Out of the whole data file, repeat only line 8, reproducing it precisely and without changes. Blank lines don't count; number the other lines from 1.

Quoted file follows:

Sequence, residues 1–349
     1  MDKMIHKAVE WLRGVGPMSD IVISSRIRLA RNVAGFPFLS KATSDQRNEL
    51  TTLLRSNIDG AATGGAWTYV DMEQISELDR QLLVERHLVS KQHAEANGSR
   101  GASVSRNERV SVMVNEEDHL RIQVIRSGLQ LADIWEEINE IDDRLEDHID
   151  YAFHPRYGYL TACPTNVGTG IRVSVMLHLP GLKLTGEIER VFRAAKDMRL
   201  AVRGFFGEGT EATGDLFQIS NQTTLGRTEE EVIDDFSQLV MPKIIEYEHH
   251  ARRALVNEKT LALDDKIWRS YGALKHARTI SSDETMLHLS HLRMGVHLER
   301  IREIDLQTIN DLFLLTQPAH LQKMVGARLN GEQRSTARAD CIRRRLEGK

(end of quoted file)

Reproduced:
   301  IREIDLQTIN DLFLLTQPAH LQKMVGARLN GEQRSTARAD CIRRRLEGK